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How the zipper merge can help beat bottlenecks—and be the polite thing to do

We’ve all been there. A sign warns of a lane closure ahead and you’re faced with two options: immediately merge into the bottleneck and secure your spot in line, or drive to the end of the closing lane before making your move—in front of drivers who waited their turn.

As it’s put in the AMA Insider, there are two driver types—the “line-uppers” and the “late-mergers”—and each tends to be equally convinced their way is best. The former because their behaviour seems polite and less stressful; the latter because their strategy leverages empty road real estate and saves time. But who’s right?

For years, the question has been up there with pineapple on pizza and the series finale of Game of Thrones in its ability to spark debate—especially during BC’s busy construction season. A possible answer is the “zipper merge”.

zipper merge cars

How does it work?

When there’s a bottleneck, drivers use both lanes fully and proceed to the point of closure (or defined merge area), filling both lanes of traffic rather than merging early to line up in a single lane. That means every car in the lane that's ending can remain in that lane.

At the source of the merge, drivers then alternate, like the teeth on a zipper, into the open lane so that no line of traffic is held up. This technique maximizes available road space, which results in less time spent in line. In fact, research shows it can reduce congestion by as much as 40% (Wow!). And with both lanes filled, no one can zoom past which, let’s admit, is what makes many drivers feel annoyed and cheated.

looking in rearview mirror

So why do some drivers zipper merge and others don’t?

The challenge is that as Canadians, our natural instinct to form one lineup and wait for our turn is baked in pretty deep. To many of us, it seems unfair and pushy to rush to the front of any line and overtake anyone who’s been waiting. So, drivers in the closing lane who are practicing the zipper merge properly, mistakenly appear to be merging late and are seen to be cheaters.

While this can hold true in many lineup situations like those at retail or grocery stores or the bank (oh the havoc that would create!), it’s not the case when it comes to zipper merging in traffic. The system is meant to use all the available road space for as long as possible which helps to ensure both lanes are filled and end up moving at an equal pace.

As with any well-intentioned system, all drivers need to be on the same page when it comes to zipper merging. The system won't work if drivers who remain in the closing lane are shunned, as no one will dare do the very thing that makes the zipper merge efficient.

Zipper merge and traffic congestion in BC

In various parts of BC there are “Merge like a zipper” signs in place, such as along Highway 91 within the Lower Mainland. The BC Ministry of Transportation and Infrastructure also provides details on how to properly zipper merge.

A CAA study, “Grinding to a Halt, Evaluating Canada’s Worst Bottlenecks”, concluded that bottlenecks are the single biggest contributor to road delays. The study showed that Canada’s worst bottlenecks are as serious as those in major US cities such as New York and Los Angeles. In Vancouver, the four identified bottlenecks listed below cost drivers half a million hours in lost time due to delays and $13 million in lost productivity each year. It also results in an additional four thousand tonnes of carbon dioxide emissions, which is approximately the same weight as two thousand cars!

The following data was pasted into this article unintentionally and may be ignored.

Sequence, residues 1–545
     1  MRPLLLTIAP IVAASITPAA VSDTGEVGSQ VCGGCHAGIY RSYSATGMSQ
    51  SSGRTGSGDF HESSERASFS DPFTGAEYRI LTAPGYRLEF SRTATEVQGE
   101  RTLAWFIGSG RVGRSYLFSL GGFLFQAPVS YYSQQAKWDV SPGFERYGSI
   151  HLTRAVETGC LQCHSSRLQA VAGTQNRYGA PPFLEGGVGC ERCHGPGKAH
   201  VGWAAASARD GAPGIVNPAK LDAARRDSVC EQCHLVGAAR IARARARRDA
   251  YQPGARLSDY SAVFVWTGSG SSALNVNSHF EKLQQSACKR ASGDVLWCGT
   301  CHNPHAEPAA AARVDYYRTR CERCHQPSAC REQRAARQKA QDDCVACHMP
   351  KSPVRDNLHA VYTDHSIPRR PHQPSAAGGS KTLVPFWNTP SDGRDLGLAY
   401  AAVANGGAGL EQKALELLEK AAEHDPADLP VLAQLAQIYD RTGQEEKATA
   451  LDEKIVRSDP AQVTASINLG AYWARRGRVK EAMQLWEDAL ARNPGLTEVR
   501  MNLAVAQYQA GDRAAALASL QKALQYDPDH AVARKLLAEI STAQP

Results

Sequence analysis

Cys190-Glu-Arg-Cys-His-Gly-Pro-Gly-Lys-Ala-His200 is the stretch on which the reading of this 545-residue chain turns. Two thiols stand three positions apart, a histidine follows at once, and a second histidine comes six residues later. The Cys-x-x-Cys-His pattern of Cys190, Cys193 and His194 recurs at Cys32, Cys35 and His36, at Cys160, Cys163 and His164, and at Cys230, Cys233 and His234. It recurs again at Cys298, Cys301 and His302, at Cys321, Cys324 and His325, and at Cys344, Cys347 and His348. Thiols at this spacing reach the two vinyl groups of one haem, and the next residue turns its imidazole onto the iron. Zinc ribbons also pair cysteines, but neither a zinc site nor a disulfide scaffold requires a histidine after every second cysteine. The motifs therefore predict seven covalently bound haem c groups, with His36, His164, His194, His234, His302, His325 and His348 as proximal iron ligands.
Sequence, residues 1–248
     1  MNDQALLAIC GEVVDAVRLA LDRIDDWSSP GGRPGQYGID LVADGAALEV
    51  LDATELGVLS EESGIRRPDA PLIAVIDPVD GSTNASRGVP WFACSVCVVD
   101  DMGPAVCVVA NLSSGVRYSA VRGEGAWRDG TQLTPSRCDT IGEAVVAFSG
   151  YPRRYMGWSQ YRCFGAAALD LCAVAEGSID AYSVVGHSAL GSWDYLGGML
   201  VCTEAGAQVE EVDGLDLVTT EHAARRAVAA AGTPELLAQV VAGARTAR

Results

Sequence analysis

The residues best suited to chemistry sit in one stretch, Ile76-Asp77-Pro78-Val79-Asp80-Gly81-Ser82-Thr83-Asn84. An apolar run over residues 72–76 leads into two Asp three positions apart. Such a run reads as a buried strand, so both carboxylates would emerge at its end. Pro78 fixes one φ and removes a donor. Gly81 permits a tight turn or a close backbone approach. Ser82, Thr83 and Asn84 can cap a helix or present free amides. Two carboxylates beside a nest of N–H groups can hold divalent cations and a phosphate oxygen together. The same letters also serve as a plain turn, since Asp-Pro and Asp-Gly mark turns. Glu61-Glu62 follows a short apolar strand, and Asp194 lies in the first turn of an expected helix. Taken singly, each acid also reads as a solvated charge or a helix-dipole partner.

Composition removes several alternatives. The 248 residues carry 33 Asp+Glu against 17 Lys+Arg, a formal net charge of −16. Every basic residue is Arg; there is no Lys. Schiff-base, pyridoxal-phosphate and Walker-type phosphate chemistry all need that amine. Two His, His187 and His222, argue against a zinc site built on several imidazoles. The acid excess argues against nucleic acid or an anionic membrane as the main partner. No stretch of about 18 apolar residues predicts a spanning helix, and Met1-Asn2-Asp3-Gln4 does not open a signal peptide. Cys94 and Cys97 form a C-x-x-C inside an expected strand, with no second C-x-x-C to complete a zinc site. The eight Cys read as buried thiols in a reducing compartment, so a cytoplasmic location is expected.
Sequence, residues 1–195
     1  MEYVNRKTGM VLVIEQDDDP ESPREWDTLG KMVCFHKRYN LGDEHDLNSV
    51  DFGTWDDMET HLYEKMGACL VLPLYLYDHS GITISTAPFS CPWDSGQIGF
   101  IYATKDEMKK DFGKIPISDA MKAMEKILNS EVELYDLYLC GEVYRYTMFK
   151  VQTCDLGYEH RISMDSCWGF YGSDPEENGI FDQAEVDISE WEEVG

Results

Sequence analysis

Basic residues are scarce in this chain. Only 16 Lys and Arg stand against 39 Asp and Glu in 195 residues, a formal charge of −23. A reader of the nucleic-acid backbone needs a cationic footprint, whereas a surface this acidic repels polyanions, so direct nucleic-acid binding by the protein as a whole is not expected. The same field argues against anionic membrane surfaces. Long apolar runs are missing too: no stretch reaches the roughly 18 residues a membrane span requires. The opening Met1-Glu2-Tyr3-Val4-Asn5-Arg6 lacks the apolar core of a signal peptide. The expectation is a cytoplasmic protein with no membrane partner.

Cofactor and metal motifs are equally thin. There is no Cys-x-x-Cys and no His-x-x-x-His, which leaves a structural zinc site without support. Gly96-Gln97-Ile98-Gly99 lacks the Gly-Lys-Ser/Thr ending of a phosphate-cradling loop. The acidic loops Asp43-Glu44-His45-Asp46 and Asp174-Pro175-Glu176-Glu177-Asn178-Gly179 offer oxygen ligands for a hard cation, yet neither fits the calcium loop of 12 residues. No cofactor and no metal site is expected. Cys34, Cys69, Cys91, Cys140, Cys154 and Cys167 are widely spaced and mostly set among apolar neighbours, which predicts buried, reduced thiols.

1. Granville Street at SW Marine Drive
  2. West Georgia Street between Seymour Street and West Pender Street
  3. Broadway Street and West 16th Avenue
  4. George Massey Tunnel on Highway 99

So, maybe it’s time to change our views on the zipper merge and those so called “cheaters”? While it’s difficult to get past our philosophies around line ups, there are cases when two lines are better than one.

As the debate around zipper merge continues, one way for all of us to help take the edge off when congestion happens is to maintain driver courtesy and share the road. Acknowledge whenever someone lets you through even if it’s your right of way—a friendly held up hand and head nod can go a long way in keeping everyone relaxed. In the end, each of us has somewhere to go and we all want to get there safely—and still in a great mood.

man driving

Tips for a safe and successful zipper merge (when conditions allow):

The zipper merge works best in traditional congestion situations like construction zones. If a lane closure is due to a crash or vehicle breakdown, follow the Slow Down Move Over law when you see orange cones, or any vehicle stopped alongside the road that has flashing red, blue or yellow lights to keep emergency workers and/or tow truck operators safe.

Driving in the closing lane

  • Drive consistently. Don’t rush ahead, only to slam on your brakes later.
  • When getting close to the source of the merge, signal your intent which gives other drivers time to notice and react. Then merge in an alternating fashion.
  • If there’s no bottleneck and traffic is moving, feel free to make an early merge if it makes sense.

Driving in the open lane

  • Leave extra room between you and the car ahead and drive consistently.
  • At the source of the merge, give enough room for the car from the closing lane to merge into your lane in an alternating manner.

Practice driver courtesy

  • When driving in a Cone Zone, slow down safely, pay attention to the placement of the cones and watch for roadside workers or sudden traffic changes.
  • Always give other drivers enough space.
  • Avoid aggressive driving behaviours such as tailgating, weaving in and out of traffic, abrupt braking and jack-rabbit starts.

Photo credits: Getty Images

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